Monday, September 2, 2013

The Five People You Meet in Heaven by Mitch Albom // What's Heaven Like?

Have you ever wondered what Heaven is like?

For one thing, I have a very strong feeling it won't just be this:

That's too boring. And Heaven can't be boring - we're going to spend eternity there.
There's more to Heaven than just cherubs and clouds. I expect it will be more like the version of Heaven described in The Last Battle, the final book of The Chronicles of Narnia:

...that was not the real Narnia. That had a beginning and an end. It was only a shadow or a copy of the real Narnia which has always been here and always will be here: just as our own world, England and all, is only a shadow or copy of something in Aslan's real world.... And of course it is different; as different as a real thing is from a shadow or as waking life is from a dream.
Now that's an awesome Heaven. A Heaven that's like Earth - except perfect. (And you can get to Heaven-Narnia from Heaven-Earth in a matter of seconds - awesome.)

In Mich Albom's The Five People You Meet in Heaven, he gives us a different version.

When you die, you meet five people who died in your lifetime and who were somehow - even remotely - connected with you. Each one has a lesson to teach you, and once you have spoken to all five, you take your place as one of five people for someone else. It's a really interesting idea, because you see how your actions might have affected someone you didn't even know.
"That is what heaven is for. For understanding your life on earth."
Eddie, the main character in The Five People You Meet in Heaven, is the caretaker of an amusement park who dies trying to save a girl from a malfunctioning ride. Throughout the book, he cannot find out if the girl lived or died - until he meets the fifth person.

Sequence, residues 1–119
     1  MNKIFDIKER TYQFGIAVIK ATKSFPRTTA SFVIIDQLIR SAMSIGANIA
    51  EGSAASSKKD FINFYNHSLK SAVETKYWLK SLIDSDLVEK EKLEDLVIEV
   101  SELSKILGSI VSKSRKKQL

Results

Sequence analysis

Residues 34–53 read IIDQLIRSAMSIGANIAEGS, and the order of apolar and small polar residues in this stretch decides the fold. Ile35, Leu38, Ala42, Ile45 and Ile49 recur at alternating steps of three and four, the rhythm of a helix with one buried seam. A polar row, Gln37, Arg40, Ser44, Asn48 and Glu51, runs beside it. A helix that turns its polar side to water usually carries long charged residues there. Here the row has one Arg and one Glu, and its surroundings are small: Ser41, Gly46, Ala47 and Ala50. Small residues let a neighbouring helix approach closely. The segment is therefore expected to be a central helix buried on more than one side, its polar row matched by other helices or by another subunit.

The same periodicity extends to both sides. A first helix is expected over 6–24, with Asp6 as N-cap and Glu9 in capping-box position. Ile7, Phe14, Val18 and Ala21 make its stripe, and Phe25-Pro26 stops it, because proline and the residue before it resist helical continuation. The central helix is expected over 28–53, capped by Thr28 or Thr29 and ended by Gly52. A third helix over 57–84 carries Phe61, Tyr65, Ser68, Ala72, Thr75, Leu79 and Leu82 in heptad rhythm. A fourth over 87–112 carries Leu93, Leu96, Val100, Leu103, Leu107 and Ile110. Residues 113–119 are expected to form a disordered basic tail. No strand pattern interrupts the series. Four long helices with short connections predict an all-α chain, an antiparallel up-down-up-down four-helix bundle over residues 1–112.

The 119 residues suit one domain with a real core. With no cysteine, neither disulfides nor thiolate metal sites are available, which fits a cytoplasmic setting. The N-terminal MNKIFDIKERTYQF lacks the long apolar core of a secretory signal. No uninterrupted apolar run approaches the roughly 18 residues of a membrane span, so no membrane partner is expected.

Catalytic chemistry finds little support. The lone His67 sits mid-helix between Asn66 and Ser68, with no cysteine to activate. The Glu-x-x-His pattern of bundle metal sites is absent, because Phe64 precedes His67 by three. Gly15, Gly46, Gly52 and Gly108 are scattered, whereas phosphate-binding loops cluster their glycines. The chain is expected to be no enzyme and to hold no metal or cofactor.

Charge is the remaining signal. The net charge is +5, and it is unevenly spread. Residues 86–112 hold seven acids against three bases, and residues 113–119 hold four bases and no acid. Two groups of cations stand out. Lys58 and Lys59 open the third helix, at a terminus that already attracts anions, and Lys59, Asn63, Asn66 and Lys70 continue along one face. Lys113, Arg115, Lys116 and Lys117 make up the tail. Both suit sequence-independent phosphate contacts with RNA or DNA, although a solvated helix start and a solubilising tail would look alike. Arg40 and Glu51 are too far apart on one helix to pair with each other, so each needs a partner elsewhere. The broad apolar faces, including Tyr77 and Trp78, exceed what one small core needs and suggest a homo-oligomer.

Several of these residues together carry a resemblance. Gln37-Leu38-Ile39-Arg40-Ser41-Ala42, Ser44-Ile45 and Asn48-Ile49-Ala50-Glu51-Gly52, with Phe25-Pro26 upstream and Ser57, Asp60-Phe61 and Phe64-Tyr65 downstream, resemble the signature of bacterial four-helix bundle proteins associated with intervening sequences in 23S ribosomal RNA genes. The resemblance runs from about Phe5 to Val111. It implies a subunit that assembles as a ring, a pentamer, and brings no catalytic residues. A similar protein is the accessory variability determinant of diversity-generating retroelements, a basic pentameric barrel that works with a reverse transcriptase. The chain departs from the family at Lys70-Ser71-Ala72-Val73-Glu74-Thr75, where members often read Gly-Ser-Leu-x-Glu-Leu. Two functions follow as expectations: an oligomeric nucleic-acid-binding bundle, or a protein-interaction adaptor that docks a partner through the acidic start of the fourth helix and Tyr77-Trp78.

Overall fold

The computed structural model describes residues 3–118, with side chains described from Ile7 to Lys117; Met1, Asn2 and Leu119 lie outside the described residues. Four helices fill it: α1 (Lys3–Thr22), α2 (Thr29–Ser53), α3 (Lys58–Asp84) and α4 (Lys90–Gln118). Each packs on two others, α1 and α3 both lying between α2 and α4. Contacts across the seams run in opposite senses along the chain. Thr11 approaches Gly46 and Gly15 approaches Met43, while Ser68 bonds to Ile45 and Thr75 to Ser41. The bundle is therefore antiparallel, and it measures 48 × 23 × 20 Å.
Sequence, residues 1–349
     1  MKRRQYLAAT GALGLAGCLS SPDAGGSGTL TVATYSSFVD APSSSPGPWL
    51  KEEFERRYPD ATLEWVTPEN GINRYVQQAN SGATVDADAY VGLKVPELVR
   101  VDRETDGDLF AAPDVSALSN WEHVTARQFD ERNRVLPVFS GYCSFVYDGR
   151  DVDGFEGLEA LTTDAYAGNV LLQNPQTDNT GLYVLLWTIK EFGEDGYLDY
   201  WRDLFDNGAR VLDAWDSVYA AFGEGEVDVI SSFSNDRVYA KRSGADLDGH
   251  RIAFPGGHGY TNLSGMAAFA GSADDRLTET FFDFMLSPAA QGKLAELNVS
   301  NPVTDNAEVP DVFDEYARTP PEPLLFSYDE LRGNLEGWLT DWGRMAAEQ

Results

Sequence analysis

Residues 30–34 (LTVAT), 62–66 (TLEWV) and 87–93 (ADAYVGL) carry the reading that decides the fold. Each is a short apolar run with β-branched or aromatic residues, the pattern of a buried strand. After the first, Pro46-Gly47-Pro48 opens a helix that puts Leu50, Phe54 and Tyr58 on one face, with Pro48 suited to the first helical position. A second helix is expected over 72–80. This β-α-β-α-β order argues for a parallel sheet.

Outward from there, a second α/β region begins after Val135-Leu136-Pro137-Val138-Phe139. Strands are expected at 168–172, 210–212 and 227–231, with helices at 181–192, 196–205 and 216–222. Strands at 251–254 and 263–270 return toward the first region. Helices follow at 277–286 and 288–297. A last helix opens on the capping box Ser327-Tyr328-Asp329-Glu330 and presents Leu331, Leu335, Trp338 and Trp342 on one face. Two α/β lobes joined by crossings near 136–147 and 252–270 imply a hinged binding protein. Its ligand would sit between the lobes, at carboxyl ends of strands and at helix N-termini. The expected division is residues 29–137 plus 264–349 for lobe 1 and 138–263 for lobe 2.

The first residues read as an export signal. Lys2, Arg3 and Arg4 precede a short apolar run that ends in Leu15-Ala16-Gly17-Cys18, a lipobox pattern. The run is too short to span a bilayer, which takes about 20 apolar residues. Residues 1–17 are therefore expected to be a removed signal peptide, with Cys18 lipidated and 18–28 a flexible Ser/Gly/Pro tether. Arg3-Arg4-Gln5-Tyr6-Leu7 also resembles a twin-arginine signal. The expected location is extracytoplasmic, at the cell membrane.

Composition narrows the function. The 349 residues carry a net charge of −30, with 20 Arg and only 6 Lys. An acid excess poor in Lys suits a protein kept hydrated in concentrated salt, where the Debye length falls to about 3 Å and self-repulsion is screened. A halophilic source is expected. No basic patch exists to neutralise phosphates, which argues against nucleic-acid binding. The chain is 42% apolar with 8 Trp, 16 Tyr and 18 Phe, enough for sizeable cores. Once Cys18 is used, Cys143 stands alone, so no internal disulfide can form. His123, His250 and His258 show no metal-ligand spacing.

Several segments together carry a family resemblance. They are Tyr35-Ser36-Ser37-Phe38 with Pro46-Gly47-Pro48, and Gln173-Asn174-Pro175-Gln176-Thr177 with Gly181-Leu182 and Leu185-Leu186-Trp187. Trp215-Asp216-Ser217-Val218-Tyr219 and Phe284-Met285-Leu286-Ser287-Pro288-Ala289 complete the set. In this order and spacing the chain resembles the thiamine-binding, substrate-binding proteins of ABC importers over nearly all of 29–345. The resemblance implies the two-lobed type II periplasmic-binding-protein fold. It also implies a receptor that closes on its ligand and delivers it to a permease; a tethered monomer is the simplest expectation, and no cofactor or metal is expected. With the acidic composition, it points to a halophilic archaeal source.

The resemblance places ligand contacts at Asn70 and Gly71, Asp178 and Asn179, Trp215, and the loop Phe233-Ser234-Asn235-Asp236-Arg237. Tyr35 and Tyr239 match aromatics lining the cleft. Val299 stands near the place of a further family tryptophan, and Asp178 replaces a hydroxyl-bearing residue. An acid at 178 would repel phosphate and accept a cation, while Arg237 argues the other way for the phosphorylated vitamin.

One thing about this book that is really interesting is the way that Albom ties it all together. In various points through the book flashbacks occur, always written in italics, with the title Today is Eddie's Birthday, detailing another one of his birthdays. The theme of birthdays comes up often, as Eddie got killed on his 83rd birthday. Somehow it ties it all up nicely.

I'm not going to give any spoilers, because I highly recommend that you read this book. Mitch Albom is one of the only authors who can make me cry - and not because of sadness, but because of the beauty, joy, and sweetness of life. He has a way of writing that is simple, and yet somehow reveals deep truths about life and emotions. I am going to read a lot more of his books. They are excellent when you are feeling down and need a bit of sincere joy to lift you up.


1 comment:

  1. This is a very well written review. I, too, enjoy Mitch Albom books. The first of his I read was Tuesdays With Morrie. If you haven't read it already, I think you'll enjoy it.


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